All students deserve to be happy.
The Canteen at Classical Lyceum: Do you wish you had choices like this?
I have loved my time at the Zaporizhia Classical Lyceum, but it’s clearly not an average Ukrainian school. There are 22,000 schools across Ukraine, and the Classical Lyceum is ranked 23rd in test scores. I’ve been learning more about why. Clearly, the teachers are good, but there are other factors as well. Even though it’s public, students have to take a test to get in. I just found out today that they get tested again after grade nine, and the class size drops significantly. They only keep about 30 of the top students out of 50, so their graduates are the best and the brightest.
The motto at School 71: "You can be the best"
Today, we visited another exceptional public school, School 71 in Zaporizhia. Like the Classical Lyceum, students take a test to get in and they specialize (in language instead of music). Students were eager and are working on writing letters to students at IACS. So, I hope to bring home some personal notes of introduction! I also gave them IACS wristbands, which they loved.
So, where are the students who are “average?” Where are the students who have special needs? There’s no such thing as inclusion in Ukraine, as far as I can tell. Students with learning disabilities, physical handicaps, or mental retardation are kept separate. In fact, we were told that many fathers leave their families when a baby is born with disabilities. It’s very sad. Overall, there isn’t space made in traditional public schools for students with any kind of exceptional need.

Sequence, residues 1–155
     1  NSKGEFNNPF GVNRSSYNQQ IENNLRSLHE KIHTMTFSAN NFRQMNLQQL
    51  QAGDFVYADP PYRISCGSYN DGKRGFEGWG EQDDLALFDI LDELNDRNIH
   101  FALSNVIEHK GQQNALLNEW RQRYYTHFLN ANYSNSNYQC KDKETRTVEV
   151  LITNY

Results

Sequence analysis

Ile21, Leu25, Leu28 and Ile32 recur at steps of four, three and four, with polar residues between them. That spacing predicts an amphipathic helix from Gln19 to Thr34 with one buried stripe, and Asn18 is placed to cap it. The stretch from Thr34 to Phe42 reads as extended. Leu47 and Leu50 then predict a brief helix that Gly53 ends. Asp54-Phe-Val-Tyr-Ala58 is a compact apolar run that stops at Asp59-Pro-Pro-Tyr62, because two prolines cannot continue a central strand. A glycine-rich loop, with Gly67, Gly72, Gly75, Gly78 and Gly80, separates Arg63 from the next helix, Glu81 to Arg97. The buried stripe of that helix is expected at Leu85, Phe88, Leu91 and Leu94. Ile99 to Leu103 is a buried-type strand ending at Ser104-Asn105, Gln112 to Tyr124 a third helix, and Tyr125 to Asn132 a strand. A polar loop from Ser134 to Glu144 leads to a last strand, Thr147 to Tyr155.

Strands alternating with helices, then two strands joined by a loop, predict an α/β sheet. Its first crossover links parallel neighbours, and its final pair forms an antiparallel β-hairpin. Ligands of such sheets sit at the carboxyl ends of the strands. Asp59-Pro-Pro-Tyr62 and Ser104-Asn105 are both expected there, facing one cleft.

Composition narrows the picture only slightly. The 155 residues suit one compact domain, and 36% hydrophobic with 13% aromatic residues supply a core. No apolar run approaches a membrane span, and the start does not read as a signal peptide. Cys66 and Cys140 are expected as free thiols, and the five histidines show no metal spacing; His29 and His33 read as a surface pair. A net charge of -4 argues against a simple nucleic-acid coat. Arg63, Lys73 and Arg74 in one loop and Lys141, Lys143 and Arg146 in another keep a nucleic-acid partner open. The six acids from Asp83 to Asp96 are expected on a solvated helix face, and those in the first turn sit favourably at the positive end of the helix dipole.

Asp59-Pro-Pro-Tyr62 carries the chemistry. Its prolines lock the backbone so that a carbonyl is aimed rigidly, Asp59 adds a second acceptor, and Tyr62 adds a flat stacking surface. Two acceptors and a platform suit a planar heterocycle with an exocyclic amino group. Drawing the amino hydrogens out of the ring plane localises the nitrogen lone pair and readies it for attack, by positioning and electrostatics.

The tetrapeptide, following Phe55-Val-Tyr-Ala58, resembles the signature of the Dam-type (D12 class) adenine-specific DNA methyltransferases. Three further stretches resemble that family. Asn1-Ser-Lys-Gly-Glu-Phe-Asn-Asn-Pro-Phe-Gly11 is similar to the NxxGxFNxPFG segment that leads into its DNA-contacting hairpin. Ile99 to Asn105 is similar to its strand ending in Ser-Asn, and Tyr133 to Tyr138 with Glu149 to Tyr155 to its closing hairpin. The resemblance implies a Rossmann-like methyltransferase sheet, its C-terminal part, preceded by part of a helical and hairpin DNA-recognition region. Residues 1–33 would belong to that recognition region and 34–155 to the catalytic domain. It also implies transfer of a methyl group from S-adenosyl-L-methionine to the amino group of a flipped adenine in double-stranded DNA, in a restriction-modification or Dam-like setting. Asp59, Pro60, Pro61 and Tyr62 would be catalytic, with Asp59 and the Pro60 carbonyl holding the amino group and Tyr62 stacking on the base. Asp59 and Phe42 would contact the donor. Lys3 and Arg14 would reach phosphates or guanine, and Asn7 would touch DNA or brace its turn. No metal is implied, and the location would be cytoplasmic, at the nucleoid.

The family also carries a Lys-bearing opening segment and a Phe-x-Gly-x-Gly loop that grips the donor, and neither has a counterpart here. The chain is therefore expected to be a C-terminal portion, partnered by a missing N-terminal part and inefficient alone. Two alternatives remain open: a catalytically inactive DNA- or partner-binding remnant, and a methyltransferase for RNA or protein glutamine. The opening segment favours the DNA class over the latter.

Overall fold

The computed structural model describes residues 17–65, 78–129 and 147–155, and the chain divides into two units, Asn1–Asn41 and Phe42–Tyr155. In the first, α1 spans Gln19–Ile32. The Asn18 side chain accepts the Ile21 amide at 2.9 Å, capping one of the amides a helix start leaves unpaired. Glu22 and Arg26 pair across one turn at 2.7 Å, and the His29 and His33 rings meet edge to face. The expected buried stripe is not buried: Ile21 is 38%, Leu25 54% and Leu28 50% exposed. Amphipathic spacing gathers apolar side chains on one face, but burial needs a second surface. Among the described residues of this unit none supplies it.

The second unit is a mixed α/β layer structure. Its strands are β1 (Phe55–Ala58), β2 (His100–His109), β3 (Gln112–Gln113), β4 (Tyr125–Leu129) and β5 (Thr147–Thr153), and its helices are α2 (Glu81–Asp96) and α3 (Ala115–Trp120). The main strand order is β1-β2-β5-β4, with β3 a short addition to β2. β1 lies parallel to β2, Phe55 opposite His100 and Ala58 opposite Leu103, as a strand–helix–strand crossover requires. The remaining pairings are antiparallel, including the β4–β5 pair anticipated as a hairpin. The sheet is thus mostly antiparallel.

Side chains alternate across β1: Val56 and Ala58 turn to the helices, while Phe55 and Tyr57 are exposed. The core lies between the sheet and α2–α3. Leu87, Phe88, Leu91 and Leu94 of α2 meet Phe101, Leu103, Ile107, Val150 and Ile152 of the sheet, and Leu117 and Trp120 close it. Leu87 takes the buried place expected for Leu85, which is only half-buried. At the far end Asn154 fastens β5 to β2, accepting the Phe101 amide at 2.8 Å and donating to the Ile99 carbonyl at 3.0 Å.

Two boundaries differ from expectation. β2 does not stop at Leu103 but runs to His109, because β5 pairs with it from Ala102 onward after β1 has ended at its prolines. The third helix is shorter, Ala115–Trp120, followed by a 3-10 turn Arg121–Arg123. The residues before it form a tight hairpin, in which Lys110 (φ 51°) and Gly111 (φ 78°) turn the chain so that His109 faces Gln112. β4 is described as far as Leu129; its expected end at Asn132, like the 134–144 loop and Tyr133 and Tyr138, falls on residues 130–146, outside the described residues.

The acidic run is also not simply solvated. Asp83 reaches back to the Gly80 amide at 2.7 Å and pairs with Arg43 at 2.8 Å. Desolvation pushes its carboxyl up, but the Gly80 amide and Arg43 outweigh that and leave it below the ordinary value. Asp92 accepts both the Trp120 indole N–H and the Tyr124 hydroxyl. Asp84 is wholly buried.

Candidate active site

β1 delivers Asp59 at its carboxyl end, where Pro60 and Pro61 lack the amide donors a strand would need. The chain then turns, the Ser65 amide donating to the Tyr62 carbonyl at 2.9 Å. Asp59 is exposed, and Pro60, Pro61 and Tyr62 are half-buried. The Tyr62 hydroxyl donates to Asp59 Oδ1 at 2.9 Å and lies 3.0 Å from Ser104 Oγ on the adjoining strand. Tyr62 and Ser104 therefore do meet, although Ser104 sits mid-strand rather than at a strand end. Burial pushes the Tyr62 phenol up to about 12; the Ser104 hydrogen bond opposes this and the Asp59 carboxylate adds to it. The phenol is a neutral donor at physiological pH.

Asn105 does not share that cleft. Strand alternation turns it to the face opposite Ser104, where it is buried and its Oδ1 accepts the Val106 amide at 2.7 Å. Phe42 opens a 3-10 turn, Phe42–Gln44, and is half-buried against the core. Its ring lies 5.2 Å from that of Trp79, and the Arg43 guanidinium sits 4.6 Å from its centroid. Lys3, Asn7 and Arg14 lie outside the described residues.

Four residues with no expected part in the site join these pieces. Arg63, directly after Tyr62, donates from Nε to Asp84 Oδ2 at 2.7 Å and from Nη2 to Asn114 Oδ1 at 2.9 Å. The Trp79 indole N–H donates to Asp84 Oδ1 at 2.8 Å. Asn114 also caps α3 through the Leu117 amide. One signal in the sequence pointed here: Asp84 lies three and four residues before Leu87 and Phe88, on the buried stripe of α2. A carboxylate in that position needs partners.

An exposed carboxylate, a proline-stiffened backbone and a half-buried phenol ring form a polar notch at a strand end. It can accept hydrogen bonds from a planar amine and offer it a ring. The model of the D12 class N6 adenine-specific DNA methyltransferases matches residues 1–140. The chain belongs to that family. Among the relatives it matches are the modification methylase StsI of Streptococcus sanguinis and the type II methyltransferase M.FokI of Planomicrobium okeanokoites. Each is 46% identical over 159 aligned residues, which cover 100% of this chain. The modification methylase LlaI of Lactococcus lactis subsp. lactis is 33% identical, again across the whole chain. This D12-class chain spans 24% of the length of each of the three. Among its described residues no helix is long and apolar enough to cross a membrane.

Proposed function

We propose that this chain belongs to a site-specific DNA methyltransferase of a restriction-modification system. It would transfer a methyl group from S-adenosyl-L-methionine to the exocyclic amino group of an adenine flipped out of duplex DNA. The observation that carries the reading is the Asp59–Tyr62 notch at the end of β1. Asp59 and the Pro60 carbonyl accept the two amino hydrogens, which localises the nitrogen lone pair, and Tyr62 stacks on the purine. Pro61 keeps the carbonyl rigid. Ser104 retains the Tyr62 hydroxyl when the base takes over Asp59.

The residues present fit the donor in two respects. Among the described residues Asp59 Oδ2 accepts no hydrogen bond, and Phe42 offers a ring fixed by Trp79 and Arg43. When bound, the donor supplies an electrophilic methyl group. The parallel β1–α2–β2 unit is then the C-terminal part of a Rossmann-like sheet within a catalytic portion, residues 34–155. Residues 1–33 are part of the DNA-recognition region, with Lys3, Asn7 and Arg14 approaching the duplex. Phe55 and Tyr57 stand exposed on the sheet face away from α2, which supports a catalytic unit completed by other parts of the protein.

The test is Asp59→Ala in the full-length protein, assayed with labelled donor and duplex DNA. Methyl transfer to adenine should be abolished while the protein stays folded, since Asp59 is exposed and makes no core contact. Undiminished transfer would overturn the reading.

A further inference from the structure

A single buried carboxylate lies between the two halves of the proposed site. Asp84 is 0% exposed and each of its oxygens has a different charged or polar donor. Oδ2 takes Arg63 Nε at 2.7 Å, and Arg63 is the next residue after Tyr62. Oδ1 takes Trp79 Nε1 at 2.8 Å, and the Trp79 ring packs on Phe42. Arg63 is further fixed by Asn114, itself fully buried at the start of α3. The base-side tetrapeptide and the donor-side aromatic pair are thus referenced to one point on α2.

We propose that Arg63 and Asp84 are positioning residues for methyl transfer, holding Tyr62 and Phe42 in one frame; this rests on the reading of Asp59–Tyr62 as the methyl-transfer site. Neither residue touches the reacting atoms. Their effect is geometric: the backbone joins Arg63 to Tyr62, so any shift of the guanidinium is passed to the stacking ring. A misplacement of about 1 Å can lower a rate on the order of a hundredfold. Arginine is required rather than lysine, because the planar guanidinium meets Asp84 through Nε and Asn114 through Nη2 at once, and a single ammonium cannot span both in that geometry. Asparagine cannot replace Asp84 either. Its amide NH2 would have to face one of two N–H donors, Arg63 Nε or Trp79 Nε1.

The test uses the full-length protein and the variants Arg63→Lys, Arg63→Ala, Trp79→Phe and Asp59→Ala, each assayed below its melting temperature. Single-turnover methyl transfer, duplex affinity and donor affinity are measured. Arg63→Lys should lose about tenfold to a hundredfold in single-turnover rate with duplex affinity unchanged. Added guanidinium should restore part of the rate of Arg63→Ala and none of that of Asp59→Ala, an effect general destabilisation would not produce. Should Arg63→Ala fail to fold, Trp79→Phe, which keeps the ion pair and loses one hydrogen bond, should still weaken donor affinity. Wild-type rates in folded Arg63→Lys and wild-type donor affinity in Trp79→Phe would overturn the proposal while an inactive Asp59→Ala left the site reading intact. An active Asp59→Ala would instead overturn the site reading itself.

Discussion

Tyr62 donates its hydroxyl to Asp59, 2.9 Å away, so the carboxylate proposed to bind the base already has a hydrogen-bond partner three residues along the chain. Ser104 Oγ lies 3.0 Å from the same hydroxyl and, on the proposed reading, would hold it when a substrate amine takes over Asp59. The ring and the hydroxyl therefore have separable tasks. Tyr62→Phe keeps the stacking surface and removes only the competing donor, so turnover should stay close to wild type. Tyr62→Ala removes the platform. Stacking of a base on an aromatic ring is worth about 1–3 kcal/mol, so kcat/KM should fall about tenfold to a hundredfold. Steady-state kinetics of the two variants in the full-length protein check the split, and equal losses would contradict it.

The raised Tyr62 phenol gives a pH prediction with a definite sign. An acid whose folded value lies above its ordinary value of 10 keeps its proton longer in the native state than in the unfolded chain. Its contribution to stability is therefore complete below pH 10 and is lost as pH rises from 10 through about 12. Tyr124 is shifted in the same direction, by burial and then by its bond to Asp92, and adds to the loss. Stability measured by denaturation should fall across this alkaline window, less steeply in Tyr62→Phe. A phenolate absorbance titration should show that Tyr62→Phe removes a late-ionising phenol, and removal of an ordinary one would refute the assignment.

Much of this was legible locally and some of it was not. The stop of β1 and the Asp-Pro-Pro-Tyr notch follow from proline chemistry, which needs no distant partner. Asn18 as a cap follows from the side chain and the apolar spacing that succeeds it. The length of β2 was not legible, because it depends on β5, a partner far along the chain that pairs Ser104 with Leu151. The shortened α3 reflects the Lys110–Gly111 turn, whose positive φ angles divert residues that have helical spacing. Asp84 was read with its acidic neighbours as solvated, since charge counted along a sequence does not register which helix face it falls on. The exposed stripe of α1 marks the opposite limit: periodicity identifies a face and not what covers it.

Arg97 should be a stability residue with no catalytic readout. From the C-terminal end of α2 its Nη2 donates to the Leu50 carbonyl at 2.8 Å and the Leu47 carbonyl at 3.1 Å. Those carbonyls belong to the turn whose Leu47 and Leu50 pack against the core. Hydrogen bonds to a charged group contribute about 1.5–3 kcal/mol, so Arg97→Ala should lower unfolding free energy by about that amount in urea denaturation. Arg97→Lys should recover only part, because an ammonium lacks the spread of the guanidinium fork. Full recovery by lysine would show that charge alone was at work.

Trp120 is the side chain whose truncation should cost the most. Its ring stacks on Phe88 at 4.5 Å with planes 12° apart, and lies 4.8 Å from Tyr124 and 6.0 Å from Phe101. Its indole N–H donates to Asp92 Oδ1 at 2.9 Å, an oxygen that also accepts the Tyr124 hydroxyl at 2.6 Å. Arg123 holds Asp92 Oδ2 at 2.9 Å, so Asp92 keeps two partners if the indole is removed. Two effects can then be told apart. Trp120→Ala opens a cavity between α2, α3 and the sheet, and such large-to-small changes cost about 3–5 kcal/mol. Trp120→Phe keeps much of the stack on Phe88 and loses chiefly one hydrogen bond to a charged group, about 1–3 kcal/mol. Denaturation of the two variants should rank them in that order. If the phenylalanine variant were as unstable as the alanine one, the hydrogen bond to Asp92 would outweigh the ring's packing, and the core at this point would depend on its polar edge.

There is some hope. Today, we got an opportunity to visit a special education school in Zaporizhia. They have the full range of students, from age 6 to adult, from ADHD to severe mental retardation. They have teachers who specialize in many areas, from physical therapy to music and art therapy. The teachers that we observed used many creative strategies to reach their students — we saw them use toys, demonstrations, and even give the students a chance to sculpt the curriculum topics in clay. The teachers also showed a lot of love towards the students, and the classes were small — always less than 8 students, but more often 2-4 students per class.
I was impressed with their creative methods. For instance, they have this sensory room where students can calm down if needed. I wish we had one of these at Innovation Academy:
The school is fully funded by the government, but there are some problems, of course. It was small (less than 50 students), so I get the impression that there are many students who don’t attend any school or get any special help. Also, some students live there and go home only one night a week. The school doesn’t have facilities for bathing, so students who live at school just get a full shower when they go home. I also feel sad for the students who don’t get to be in a regular classroom. We saw some classrooms with kids who were teenagers together with pre-school kids. It seems like special education in Ukraine has a long way to go. But then again, we have a lot to learn in the United States too.